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Healthcare workers caught between drugs that save and drugs that kill

That life-saving drugs for patients also pose life-threatening hazards for healthcare workers, was made painfully evident in a report by msnbc.com [1] on chemotherapy’s deadly toll on pharmacists and nurses.

The report focuses on a number of pharmacists and nurses who are struggling from or have succumbed to the hazards of second-hand chemo exposures in healthcare workplaces, including Sue Crump who for 23 years as a hospital pharmacist in Seattle, WA, prepared chemotherapy drugs for administration.

Crump developed pancreatic cancer which she believed was from occupational exposure.

In a video profile accompanying the msnbc.com article [1], Crump explains that for years she prepared chemo drugs in areas that were not segregated for other preparation areas, that gloves and masks were not provided until much later in her career, and then only as an option, and  that she experienced routine splashes.

“I had no concern,” said Crump, “because there was nothing to tell that I wasn’t safe.”

Crump died last September at the age of 55.

“There is no other occupation population (that handles) so many known human carcinogens,” said Thomas Connor, a research biologist with the NIOSH. For 40 years, Connor has been studying the effect on workers of the chemical agents used in chemotherapy and is one of the lead authors of a just-completed NIOSH study confirming “that chemo continues to contaminate the workspaces where it’s used, and in some cases is still being found in the urine of those who handle it, despite knowledge of safety precautions,” according to msnbc.com.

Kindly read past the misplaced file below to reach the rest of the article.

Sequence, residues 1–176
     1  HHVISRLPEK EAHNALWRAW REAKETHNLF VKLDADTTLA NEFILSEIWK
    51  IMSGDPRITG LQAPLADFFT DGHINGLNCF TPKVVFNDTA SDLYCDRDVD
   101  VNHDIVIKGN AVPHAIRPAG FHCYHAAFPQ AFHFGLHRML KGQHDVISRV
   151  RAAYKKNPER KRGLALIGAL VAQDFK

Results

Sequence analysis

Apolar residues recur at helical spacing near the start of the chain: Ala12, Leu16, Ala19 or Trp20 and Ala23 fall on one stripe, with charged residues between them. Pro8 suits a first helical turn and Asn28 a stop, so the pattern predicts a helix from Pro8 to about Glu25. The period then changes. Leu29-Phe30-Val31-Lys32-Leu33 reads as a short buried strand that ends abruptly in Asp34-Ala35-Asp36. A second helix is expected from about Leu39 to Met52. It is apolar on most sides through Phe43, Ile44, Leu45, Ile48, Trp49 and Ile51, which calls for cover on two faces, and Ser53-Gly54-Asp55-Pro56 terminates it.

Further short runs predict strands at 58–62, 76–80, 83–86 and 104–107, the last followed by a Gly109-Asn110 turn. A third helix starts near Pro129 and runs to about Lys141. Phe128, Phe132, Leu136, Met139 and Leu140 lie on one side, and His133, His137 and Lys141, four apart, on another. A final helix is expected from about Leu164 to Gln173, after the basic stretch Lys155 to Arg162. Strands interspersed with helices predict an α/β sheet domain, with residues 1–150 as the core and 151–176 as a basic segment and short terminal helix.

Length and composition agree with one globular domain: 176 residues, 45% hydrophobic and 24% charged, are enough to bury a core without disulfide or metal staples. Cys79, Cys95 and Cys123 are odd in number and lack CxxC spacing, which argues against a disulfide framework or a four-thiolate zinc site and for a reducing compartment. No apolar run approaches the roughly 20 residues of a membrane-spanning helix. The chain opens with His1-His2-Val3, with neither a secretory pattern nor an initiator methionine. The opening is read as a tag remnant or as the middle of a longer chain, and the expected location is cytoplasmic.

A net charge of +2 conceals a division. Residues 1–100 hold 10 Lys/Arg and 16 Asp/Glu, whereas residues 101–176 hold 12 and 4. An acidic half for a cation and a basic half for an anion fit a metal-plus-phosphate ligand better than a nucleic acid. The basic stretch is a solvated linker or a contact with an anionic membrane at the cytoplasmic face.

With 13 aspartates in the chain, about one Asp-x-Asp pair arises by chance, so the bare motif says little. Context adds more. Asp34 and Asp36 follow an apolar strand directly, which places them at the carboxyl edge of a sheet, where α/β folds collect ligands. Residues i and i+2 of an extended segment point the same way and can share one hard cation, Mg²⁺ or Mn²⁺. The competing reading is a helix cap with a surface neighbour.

The msnbc.com report also cites an investigation by InvestigateWest showing that OSHA does not specifically regulate exposures to chemotherapy drugs in the workplace with a standard, relying instead on the use of the general duty clause. According to InvestigateWest, OSHA has issued such a citation only once in ten years in “any health care institution, including hospitals, clinics, dental and veterinary offices, for their handling of hazardous drugs.”

The NIOSH Web site on Occupational Exposure to Antineoplastic Agents [2], the classification of many chemotherapy drugs, includes information on environmental sampling, decontamination, the use of personal protective equipment, and publications for assessing hazardous drug exposure and implementing policies to protect workers, including the 2004 NIOSH alert, Preventing Occupational Exposures to Antineoplastic and Other Hazardous Drugs in Health Care Settings [3].

Two tools from that publication, “Common Hazardous Drugs in Healthcare” and “Handling Hazardous Drugs Safely Checklist” may be downloaded from the OSHA Healthcare Advisor Tools page [4] under the hazard communication heading.

Are hazardous drugs, especially those used in chemotherapy, a concern in your workplace. What safeguards do you have or wish you did have? Is an OSHA standard specific to hazardous drugs necessary? Let us know in the comments section below.